* The Wednesday Sisters by Meg Waite Clayton (2008)

Light, good, and fun.  This is one of those books you want to pick up each night because it’s so relaxing to read, and if you’re an aspiring writer (or a writing teacher), it’s fun to watch a writing group evolve from casual conversations with a lot of superficial accolades to more serious dialogue about character believability and plot development.

Perhaps most interesting for me was the time period: much of the story takes place from the late 60’s through the mid 70’s, a time when my mom was raising me just as these women were raising their kids (though i’m the last of 6 children and most of these women are first time moms during this time, so they’d be about 10 years younger than my mom’s generation).

The story takes place in Palo Alto, CA when all the women are in their early 20s and most have babies–they meet for the first time in a park.  They are housewives, and they mostly define themselves through their husbands’ careers, degrees, and accomplishments.  But as they begin to write and talk, they discover their own interests which are often then developed in their writing.  Two elements I really liked were the references to history and literature.  As history unfolds–VIetnam protests, the women’s movement, astronauts on the moon, the first episode of Sesame Street–we see it through their eyes and the eyes of their young children.  And their conversations about writing often refer to classic novels and the styles in which they were written.  So we get some Fitzgerald, Plath, and Austen along with the mundane mommy issues like teaching kids to share and sending them off on their first day of school.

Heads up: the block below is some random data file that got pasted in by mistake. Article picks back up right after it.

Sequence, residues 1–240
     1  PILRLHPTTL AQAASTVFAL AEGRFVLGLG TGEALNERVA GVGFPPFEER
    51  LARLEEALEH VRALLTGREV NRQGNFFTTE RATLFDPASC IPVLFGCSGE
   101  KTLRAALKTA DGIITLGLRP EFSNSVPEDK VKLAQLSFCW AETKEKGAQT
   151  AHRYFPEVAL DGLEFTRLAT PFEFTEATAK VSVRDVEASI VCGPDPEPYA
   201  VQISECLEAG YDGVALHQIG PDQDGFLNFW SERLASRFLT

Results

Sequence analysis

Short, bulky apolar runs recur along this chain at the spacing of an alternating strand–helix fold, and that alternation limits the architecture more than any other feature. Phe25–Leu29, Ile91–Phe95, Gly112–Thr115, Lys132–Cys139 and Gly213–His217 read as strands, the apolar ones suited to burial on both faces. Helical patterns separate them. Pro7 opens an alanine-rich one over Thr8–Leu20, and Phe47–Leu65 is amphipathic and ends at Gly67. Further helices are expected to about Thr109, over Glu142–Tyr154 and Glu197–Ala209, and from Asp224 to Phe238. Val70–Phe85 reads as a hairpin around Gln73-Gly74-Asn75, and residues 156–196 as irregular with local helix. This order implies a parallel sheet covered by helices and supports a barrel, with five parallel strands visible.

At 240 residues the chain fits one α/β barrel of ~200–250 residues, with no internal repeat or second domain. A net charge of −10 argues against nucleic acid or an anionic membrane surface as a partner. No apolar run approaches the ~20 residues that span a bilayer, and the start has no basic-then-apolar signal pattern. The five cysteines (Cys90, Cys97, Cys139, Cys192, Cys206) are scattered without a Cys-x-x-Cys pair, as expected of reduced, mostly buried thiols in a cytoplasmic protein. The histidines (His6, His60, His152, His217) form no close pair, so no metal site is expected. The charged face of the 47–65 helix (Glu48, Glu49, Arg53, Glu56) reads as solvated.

One of my favorite scenes takes place in the park when the first of the 5 sisters is ready to send a manuscript out to publishers.  They bring 5 typewriters and each sister produces a typed copy of the complete manuscript so it can be sent to 5 publishers at once.  Luckily, by the time the second woman is ready to send out a manuscript, their town has just purchased its first copy machine.  They can hardly imagine such convenience.  And in writing this short review,  I have already deleted or or changed nearly every sentence.

For a light novel about friendship, motherhood, setbacks, and family life in the 60’s and 70’s, there’s enough history, literature, and writing methodology to give it some depth.  (fiction)

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